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Springfield Republican Leads Efffort to Halt Gay Bias

 

COLUMBUS — Statehouse Republicans are busy these days setting the legislative table with plans to limit abortions, fix pension systems, strip power from unions and make Ohio more “business-friendly.”

 

Rep. Ross McGregor, a Republican from Springfield, has one other idea, but it’s too early to tell if he’ll be able to squeeze it on to that table.

 

Some time this year McGregor plans to renew a bipartisan effort to ban discrimination in employment and housing, based on sexual orientation or gender identity.

 

...more at the link.

 

 

 

 

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Wyoming Senate passes anti-gay marriage bill

By JEREMY PELZER Star-Tribune capital bureau

Posted: Friday, February 18, 2011 11:27 am

 

CHEYENNE-The Wyoming Senate narrowly voted Friday to stop recognition of same-sex marriages and civil unions from outside the state.

 

House Bill 74 passed 16-14 after tagging on a last-second amendment guaranteeing out-of-state couples in civil unions access to Wyoming courts.

 

Read More...

Because of the amendment, the bill will now head back to the House to approve the changes. The House passed the legislation late last month 32-27.

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Springfield Republican Leads Efffort to Halt Gay Bias

 

COLUMBUS — Statehouse Republicans are busy these days setting the legislative table with plans to limit abortions, fix pension systems, strip power from unions and make Ohio more “business-friendly.”

 

Rep. Ross McGregor, a Republican from Springfield, has one other idea, but it’s too early to tell if he’ll be able to squeeze it on to that table.

 

Some time this year McGregor plans to renew a bipartisan effort to ban discrimination in employment and housing, based on sexual orientation or gender identity.

 

...more at the link.

 

 

 

 

 

Wow, good for him. Too bad he thinks he has to couch in economic terms, rather than equal rights. Frankly, I'm sick of hearing everything framed in economic terms, and it wasn't the recession that brought this on. Isn't anything else important?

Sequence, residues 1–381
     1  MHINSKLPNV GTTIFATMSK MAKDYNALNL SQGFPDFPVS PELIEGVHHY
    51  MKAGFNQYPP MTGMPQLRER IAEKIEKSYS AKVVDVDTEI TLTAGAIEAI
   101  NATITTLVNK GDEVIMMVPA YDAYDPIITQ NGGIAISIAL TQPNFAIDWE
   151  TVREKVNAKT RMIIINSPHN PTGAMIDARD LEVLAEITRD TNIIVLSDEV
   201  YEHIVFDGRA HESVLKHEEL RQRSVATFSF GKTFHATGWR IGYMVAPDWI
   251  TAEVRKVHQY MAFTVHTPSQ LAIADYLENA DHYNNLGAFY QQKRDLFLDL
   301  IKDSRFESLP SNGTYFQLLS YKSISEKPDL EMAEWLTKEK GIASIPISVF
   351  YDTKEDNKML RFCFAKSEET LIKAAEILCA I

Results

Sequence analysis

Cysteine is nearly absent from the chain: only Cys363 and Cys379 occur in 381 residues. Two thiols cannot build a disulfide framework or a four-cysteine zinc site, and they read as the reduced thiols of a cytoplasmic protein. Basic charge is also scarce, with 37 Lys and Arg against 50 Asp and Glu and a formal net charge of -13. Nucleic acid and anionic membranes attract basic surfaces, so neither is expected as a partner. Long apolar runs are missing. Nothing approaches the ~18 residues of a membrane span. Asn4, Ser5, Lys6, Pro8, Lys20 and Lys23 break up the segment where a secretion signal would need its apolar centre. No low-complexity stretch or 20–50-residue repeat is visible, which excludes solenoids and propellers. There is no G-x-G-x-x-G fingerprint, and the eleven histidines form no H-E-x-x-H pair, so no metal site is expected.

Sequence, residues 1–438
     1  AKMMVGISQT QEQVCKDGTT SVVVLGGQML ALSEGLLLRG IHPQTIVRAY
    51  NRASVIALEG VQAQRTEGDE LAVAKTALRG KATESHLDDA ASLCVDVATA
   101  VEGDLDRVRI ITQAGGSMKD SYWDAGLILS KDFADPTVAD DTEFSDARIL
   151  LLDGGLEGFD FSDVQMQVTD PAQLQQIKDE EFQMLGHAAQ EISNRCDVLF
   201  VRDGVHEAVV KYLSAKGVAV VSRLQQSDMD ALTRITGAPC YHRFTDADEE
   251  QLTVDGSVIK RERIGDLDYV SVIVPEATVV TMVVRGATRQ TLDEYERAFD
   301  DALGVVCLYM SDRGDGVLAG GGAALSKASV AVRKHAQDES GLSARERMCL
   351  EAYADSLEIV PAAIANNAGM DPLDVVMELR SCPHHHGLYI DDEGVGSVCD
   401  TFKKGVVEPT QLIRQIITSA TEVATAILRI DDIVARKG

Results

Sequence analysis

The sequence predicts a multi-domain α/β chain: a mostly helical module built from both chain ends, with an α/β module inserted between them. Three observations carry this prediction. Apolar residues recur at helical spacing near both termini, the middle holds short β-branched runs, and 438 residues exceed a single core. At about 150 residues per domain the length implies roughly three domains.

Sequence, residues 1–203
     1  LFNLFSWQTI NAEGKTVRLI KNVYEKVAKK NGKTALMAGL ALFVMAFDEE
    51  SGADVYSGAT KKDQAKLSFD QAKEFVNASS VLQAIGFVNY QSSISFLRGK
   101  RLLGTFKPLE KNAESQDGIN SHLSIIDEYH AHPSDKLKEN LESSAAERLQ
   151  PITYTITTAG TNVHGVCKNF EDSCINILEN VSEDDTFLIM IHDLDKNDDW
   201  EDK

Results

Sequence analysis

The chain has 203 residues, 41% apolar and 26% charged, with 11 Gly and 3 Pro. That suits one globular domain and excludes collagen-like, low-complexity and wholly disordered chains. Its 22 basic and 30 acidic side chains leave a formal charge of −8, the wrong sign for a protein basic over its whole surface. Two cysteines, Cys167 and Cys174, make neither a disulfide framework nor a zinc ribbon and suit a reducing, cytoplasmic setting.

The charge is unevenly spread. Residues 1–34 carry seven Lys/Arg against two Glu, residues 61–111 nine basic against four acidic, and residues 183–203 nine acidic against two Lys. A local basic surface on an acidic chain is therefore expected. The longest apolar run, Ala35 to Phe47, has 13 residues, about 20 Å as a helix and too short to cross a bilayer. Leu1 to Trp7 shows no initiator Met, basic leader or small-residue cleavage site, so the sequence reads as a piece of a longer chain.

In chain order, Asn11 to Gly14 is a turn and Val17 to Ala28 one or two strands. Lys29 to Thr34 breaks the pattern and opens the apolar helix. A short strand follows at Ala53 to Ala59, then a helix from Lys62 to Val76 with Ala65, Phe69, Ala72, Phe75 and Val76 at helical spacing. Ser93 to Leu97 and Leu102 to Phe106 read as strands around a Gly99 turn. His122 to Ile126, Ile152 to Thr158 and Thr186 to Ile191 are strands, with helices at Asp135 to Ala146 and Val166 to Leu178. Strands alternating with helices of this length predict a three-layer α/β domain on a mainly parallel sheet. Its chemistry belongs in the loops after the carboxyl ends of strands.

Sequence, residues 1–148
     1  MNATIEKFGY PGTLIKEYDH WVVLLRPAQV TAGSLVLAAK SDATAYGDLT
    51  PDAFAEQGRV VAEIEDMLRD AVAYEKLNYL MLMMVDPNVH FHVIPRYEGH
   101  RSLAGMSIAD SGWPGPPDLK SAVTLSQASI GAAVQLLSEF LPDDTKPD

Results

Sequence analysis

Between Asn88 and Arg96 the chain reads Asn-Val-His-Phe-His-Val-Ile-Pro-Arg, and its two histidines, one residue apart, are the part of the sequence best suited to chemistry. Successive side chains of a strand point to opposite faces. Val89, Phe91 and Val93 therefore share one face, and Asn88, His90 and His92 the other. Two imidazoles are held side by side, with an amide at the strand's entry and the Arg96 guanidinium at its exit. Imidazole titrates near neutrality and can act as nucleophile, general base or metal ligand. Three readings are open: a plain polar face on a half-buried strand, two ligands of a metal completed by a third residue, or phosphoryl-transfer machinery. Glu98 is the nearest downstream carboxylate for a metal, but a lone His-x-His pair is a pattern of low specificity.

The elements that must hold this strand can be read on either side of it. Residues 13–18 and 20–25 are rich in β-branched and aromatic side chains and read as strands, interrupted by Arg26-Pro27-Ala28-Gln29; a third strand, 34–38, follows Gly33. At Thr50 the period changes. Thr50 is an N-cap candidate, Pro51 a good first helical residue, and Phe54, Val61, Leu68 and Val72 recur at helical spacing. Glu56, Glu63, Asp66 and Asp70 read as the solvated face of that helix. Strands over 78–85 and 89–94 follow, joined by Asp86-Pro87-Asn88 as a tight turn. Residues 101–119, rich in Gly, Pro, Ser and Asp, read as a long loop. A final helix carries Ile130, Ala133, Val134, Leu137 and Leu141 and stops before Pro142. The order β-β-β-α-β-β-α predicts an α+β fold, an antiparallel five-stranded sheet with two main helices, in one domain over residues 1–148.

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Obama: DOMA Unconstitutional, DOJ Should Stop Defending In Court

 

President Obama has determined that the Defense of Marriage Act is unconstitutional, and that the Department of Justice should no longer defend the measure, which severely limits the potential of states to honor or carry out same-sex marriages, in court, the administration announced Wednesday.

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I like the decision, but I disagree with how it was made.  Holder seems to be placing this all on Obama and I am not sure how I feel about Obama, as President, coming to this conclusion unilaterally.  Something about the Separation of Powers seems to be offended here.  I don't like the DOJ acting as a puppet for the President.  It is a slippery slope for the Aministration to be passing judgment on the "constitutionality" of congressionally enacted legislation.

 

That said, I am VERY interested, to see how the alleged "State Rights" crowd reacts to this decision.  Will they applaud Obama?  (yes..... that is a rhetorical question and a comically hysterical one at that).

 

EDIT:  As long as it is pissing off the morons in the comment section to this article http://news.yahoo.com/s/ap/20110223/ap_on_re_us/us_gay_marriage#mwpphu-container....... I guess I am OK with it  :-D

 

 

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^I don't think it's really that offensive to separation of powers.  The president and DOJ are still enforcing DOMA; it's not like they're picking and choosing which laws they think apply.  And Congress and outside groups are more than welcome to intervene to stage a vigorous legal defense of DOMA.

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How does congress intervene in a legal suit without the DOJ?  The DOJ is their legal representation.  Outside groups could have an issue with standing.  It is an interesting question, but it just doesn't sit right with me at first blush.

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^I merely parrot what I read :).  I can't pretend my civ pro is fresh enough to know whether congress can intervene as an actual party or merely file an amicus. 

 

From the comments sections to the PD article, there isa whole lot of confusion, with a lot of folks conflating enforcement of the law (which will continue until it's repealed or ruled unconstitutional by a court), with defending it in court.  Thought it was worth pointing out the distinction so people know what this isn't.